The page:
Lessons from spring: OL is deep

April, 16, 2014
Apr 16
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The last two seasons, Texas A&M hasn't had to tap deep into its offensive line because the Aggies have had good fortune health-wise at the position.

In 2012, the Aggies had the same starting five offensive linemen for all 13 games and in 2013, they had the same starting five for 11 of their 13 games, missing only tackle Cedric Ogbuehi for two games in the middle of the season.

But with left guard Jarvis Harrison sitting out the spring while recovering from offseason shoulder surgery, the Aggies were able to see that they do have quality depth on their offensive line should they need it.

Harrison's absence made way for two players to find their way into the lineup with the first team this spring: Garrett Gramling and Joseph Cheek.

Texas A&M returns four of five starters from 2013: Ogbuehi, Harrison, center Mike Matthews and right guard Germain Ifedi. The right tackle spot is open for competition and though the spring began with junior college transfers Avery Gennesy and Jermaine Eluemunor competing for the position, the majority of the spring saw Ifedi manning that spot.

With Ifedi shifted over and Harrison out, that left the two guard spots open, which both Gramling and Cheek ably filled during spring drills.

Offensive line coach B.J. Anderson made it clear during spring football that "we're not earning any jobs right now" and that his players were focusing on technique and fundamentals. Still, Ifedi established himself as a candidate to be the future right tackle and Gramling -- who started at left guard the two games Ogbuehi was out while Harrison played left tackle -- has positioned himself to compete for a starting guard job.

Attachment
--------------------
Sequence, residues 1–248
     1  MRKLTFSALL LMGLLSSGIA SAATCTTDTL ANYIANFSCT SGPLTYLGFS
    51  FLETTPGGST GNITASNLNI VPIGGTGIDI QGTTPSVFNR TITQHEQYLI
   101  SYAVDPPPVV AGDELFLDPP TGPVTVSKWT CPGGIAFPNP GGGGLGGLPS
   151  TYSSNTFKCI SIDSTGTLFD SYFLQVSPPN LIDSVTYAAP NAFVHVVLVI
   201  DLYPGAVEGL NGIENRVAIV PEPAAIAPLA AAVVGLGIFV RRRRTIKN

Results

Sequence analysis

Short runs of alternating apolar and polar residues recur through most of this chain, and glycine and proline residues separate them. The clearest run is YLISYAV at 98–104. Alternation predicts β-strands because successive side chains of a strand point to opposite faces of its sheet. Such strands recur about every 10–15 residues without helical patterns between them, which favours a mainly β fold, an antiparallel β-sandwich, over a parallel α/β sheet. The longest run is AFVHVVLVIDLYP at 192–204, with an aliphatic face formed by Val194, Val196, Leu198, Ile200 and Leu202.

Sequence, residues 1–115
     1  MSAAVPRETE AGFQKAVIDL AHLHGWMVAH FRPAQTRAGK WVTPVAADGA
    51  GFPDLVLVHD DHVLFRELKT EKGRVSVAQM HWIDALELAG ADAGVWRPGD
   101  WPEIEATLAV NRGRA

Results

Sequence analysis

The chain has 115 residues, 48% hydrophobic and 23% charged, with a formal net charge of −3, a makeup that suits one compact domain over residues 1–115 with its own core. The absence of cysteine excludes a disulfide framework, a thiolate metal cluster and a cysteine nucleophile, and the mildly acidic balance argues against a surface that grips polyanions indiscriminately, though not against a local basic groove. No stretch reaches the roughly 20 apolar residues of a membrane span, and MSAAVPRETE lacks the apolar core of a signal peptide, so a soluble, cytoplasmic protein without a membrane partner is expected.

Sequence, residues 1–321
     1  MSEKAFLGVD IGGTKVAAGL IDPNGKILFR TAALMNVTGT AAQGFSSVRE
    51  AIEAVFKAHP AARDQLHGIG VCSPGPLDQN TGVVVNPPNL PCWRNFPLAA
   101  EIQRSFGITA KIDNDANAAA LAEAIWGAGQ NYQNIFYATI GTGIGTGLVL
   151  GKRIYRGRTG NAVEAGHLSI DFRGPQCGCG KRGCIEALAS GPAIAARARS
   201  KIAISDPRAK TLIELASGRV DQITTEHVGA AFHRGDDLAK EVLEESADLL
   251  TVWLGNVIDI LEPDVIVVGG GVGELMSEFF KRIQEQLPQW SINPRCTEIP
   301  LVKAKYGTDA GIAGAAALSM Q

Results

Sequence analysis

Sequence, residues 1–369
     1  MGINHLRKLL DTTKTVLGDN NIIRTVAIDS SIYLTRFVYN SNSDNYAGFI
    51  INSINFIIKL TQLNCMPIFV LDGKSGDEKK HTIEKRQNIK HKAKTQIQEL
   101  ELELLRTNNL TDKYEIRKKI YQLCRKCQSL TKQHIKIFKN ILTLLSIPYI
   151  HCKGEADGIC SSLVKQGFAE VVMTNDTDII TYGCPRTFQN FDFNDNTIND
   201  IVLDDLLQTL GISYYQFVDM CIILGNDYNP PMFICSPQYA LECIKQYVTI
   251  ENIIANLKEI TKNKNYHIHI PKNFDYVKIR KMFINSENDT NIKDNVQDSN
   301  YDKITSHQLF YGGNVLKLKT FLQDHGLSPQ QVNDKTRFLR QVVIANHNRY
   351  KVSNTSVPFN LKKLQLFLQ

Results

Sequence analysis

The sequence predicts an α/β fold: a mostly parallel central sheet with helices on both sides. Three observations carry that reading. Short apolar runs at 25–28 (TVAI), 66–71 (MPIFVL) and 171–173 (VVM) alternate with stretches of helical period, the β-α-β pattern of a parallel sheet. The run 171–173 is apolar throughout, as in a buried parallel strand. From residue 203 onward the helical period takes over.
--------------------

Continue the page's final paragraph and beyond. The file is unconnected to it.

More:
"I've got Joe Cheek over at the right guard and Garrett at the left guard and you add Jarvis to that mix and there's three guys for those two positions," Anderson said. "We'll find out who wins it in fall camp."

Eluemunor spent most of the spring working at guard and Gennesy at tackle and Anderson wanted both to get comfortable in their new surroundings. He also noted that both were training at both right guard and right tackle.

"I think that's important," Anderson said. "They need to do be able to do both in case we get into an injury scenario."

Ogbuehi, who played right tackle last year, spent the spring getting acclimated to the left side of the offensive line. He felt good about his progress from the first spring practice to the last one on April 5.

"I feel a lot better," Ogbuehi said. "I feel better than I was last year at right tackle."

Matthews, who is entering his junior season at center, will be a steady presence for the Aggies in the middle.

"Mike has total control of the offense," Anderson said.

The standard this group has to live up to is a high one. The last two seasons, the Aggies have been considered one of the country's best offensive lines, paving the way for a top-10 offense and protecting quarterback Johnny Manziel. It's a unit that produced the No. 2 overall pick in the 2013 NFL draft (Luke Joeckel) and likely will produce another top-10 pick next month (Jake Matthews). Even SEC fans are picking the Aggies to be the league's best unit this season.

Though it remains to be seen how this group develops, there certainly is no shortage of options for the Aggies up front.

Sam Khan | email

Texas A&M/SEC reporter

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